Alexander Buzgalin, Andrei Kolganov
Russia: The Rout of the Neo-Liberals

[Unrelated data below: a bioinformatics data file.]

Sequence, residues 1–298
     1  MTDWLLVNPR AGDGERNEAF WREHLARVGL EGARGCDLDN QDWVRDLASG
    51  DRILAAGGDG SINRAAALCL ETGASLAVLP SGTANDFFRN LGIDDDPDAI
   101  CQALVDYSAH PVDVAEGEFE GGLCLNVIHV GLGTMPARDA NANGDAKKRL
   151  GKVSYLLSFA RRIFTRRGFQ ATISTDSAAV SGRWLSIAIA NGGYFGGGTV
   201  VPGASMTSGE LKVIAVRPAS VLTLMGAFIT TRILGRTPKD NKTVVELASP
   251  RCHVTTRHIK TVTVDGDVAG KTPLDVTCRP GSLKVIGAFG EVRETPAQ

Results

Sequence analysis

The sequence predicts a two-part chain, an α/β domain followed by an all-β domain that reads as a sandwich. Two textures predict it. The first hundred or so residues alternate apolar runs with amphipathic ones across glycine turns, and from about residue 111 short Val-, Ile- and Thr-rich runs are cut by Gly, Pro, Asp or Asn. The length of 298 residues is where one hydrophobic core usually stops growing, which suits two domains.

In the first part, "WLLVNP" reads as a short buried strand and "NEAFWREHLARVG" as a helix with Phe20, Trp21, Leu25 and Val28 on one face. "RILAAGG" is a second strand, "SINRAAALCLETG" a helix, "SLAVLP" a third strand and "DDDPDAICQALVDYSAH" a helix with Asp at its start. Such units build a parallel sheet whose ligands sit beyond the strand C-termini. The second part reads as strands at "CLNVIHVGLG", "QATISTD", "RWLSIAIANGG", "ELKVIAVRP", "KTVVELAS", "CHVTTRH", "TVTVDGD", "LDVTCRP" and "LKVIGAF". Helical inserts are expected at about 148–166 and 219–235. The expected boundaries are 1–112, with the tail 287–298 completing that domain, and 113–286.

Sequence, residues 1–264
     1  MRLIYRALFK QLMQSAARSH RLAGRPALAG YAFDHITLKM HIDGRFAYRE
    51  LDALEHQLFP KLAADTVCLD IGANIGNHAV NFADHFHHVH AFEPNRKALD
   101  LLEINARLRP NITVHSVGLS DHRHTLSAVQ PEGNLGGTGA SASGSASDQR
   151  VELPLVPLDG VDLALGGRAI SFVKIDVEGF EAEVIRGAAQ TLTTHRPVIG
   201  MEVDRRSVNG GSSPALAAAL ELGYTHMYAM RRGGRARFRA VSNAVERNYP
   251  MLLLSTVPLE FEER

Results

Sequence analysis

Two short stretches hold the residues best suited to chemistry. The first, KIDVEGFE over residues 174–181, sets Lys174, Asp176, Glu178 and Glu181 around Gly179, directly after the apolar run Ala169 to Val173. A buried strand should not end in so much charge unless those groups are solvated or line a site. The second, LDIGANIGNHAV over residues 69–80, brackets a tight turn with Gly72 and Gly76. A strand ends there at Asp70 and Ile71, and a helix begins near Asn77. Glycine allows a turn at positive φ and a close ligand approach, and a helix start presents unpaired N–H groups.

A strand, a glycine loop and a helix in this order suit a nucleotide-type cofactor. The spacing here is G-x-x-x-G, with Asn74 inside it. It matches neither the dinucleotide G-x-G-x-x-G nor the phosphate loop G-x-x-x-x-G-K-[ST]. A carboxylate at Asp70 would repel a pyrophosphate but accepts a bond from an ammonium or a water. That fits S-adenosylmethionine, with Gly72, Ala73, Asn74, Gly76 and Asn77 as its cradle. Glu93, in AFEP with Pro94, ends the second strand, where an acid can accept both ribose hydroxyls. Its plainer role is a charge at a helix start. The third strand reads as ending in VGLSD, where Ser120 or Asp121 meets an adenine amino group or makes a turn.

For most analysts, including the authors of this brief study, the Russian parliamentary elections of December 1995 brought few surprises. The success of the Communist Party of the Russian Federation (kprf), headed by Gennady Zyuganov, was expected. Analysts had also anticipated that the left-wing—more precisely, social-chauvinist—centre would receive about 40 per cent of the total vote when the results in single-member territorial constituencies were taken into account, and that an unstable equilibrium would come to exist in the Duma. So it turned out. What was surprising was the scale of the defeat suffered by the parties of the Right and centre in the party-list elections. The bloc, Our Home is Russia, headed by Prime Minister Viktor Chernomyrdin, received fewer than 10 per cent of the votes, while Russia’s Democratic Choice, led by the favourite of the Western media, Yegor Gaidar, attracted fewer than 5 per cent. This represented a powerful moral defeat for the rightists, with their policies of ‘shock without therapy’ (Gaidar), of war in Chechenia, and ‘depressive stabilization’ (Yeltsin and Chernomyrdin). The majority of Russian citizens came out in clear opposition to such ‘reforms’.
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